Today, the religions in Jerusalem compete most often musically. On Friday afternoon, when Shabbat is about to begin, the square in front of the Western Wall echoes with the songs of joyous Orthodox Jews, celebrating the arrival of the holy day of the week. Another voice rises over their chants – the muezzin's call to prayer.
At the Church of the Holy Sepulchre, a cappella singing from the Greek Orthodox priests competes with the chants of their Armenian colleagues, and the Mass of the Franciscans mingles with the hymns of the Copts. Outside the church, another competition takes place, when the tolling of the bells in the belfry combine with the call to prayer of the muezzin in the Mosque of Omar directly across a courtyard.
The story of this mosque is an example – if a rare one – that the different religions in Jerusalem are capable of cohabiting in the limited space of the old city.
The Dome on the Rock marks the place where Muhammad's journey to heaven started, in 621. Built in 691, it is considered the oldest Islamic structure in the world. The shrine is currently off limits for non-Muslims. Some radical rabbis ban Jews from entering the Temple Mount compound altogether for fear they might accidentally step over what in Judaism is considered to be the Holy of Holies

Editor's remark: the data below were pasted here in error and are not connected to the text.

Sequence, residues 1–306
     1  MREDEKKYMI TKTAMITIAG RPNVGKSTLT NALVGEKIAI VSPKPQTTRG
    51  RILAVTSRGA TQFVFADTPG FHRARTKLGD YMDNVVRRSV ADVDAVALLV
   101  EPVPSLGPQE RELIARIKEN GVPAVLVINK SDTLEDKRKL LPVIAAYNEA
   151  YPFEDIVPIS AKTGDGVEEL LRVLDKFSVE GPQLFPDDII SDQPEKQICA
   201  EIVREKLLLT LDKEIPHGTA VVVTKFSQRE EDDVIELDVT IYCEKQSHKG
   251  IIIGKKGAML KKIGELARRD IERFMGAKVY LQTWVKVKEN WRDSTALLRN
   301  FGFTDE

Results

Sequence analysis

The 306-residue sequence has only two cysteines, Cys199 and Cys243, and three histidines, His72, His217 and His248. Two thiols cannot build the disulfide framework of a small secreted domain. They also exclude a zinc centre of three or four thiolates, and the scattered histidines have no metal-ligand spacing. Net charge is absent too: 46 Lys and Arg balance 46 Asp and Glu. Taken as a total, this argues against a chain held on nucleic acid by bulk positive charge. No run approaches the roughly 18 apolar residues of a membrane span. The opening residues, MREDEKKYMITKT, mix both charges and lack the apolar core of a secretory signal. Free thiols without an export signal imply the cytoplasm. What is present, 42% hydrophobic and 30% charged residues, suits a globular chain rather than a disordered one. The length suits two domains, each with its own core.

In 636, the Rashidun Caliphate army was besieging then Byzantine Jerusalem. The city could not resist for long and defeat was imminent. The Patriarch of Jerusalem, Sophronius, refused to let the invaders inside until their caliph, or the spiritual leader thought to be a successor of Muhammad, come to the city. Caliph Omar obliged and gates of Jerusalem were opened to him in 637. The patriarch offered to show him the Church of the Holy Sepulchre, as Muslims believe in Jesus as the last prophet before Muhammad.
Omar refused to enter the church, afraid that after seeing him inside, his fellow Muslims would feel obliged to turn it into a mosque. Instead, he prayed outside, on a spot believed to be the place where the Jewish King David had prayed. In 1193, a mosque was built on the spot by Sultan Saladin, who fought against the Crusaders and won their respect with his chivalry towards non-Muslims.